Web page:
The following is a paragraph from Zukerman’s official biography
for this year, outlining his ambitious plans in celebration of his 60th birthday:
“Pinchas Zukerman turned 60 on July 16, 2008 and celebrates with a schedule which comprises more than 112 concert engagements and travel to 17 countries including France, India, Israel, China, Turkey, Peru, New Zealand, Austria, Russia and the United Arab Emirates. He performs orchestra, solo recital and chamber music repertoire in more than 34 cities. He spends 10 weeks teaching in his role as Director of the Pinchas Zukerman Performance Program at the Manhattan School of Music, and as Artistic Director of the National Arts Centre Summer Music Institute in Ottawa, which includes the Young Artist Programme, Conductor’s Programme and Composer’s Programme. Currently in his 10th season as Music Director of the National Arts Centre Orchestra, Mr. Zukerman conducts London’s Royal Philharmonic Orchestra in Moscow, Italy and Spain as well as the Dallas Symphony Orchestra on tour in the United States. He performs with the New York Philharmonic, Chicago Symphony, Cleveland Orchestra and National Symphony Orchestra and joins the Israel Philharmonic in New York’s Carnegie Hall, Bombay and Israel, the Orchestra Philharmonique de Radio France and the Gulbenkian Orchestra. Mr. Zukerman and pianist Marc Neikrug give recitals in Vienna, Philadelphia, New York and Chicago.”
It is an astounding world tour to say the least, and I was in attendance at the last concert mentioned – a recital with pianist/composer Marc Neikrug in Chicago’s Harris Theater. He performed a healthy variety of pieces, mostly for violin. With that slight instrument, Pinchas performed Mozart’s sonata, K.454, Franck’s Sonata in A, and Takemitsu’s From Far Beyond Chrysanthemums and November Fog. With his viola Zukerman brought forth the brooding and pensive viola sonata of Dmitri Shostakovich. As a gentleman in front of me uttered to his wife, Zukerman made it all “look effortless.” The problem was that I wished there were a little more effort put into connecting with the audience.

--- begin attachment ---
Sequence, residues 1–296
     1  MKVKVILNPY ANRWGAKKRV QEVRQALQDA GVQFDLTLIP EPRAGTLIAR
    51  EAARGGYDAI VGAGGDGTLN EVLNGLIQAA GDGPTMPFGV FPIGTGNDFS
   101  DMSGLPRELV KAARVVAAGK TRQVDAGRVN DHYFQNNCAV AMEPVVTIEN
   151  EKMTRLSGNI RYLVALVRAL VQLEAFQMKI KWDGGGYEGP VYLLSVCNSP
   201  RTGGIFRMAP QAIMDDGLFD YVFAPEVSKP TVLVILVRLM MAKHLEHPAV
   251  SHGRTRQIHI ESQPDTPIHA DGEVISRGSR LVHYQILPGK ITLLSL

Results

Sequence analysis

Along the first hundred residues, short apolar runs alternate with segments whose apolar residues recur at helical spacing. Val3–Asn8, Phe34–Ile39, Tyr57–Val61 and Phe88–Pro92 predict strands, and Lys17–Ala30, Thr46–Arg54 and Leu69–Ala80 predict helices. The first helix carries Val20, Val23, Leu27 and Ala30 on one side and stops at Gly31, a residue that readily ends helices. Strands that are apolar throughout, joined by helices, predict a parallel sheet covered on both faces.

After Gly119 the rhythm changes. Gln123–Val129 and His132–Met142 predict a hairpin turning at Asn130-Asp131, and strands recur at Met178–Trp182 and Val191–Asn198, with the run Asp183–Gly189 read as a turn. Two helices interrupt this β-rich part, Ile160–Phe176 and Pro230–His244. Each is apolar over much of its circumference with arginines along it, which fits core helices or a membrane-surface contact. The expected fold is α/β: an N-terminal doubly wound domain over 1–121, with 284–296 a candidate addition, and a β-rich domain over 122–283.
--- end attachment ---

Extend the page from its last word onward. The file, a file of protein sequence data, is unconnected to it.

For this recital, the violinist/violist wore what looked like pajamas – a flowing black shirt, like from a Chinese restaurant, some black pants and the most comfortable shoes he could find. They looked like structured socks. His accompanist, bald with a long ponytail, was a little more dressed up. The Mozart was first, and as the notes stated, the piece is to start with a grand and forceful statement in unison, as befits a piece of music written for the emperor. What I heard was a lot less forceful, almost anemic. Zukerman barely moved as he played, eyes locked onto his music stand. There was barely any communication between Zukerman and Neikrug either. Don’t get me wrong, Zukerman’s playing is flawless. As a musician who has to muscle a sweet tone out of the grouchy viola, his violin tone is rich and full, effortless. He commands a treasure-trove of skills on the violin, brought out in full measure when necessary. The only reservation is that he seems to make no connection to the music or the audience when he plays. After the Mozart was over, he immediately took off his glasses, bowed once and walked off, Neikrug right behind him, and the page turner behind him.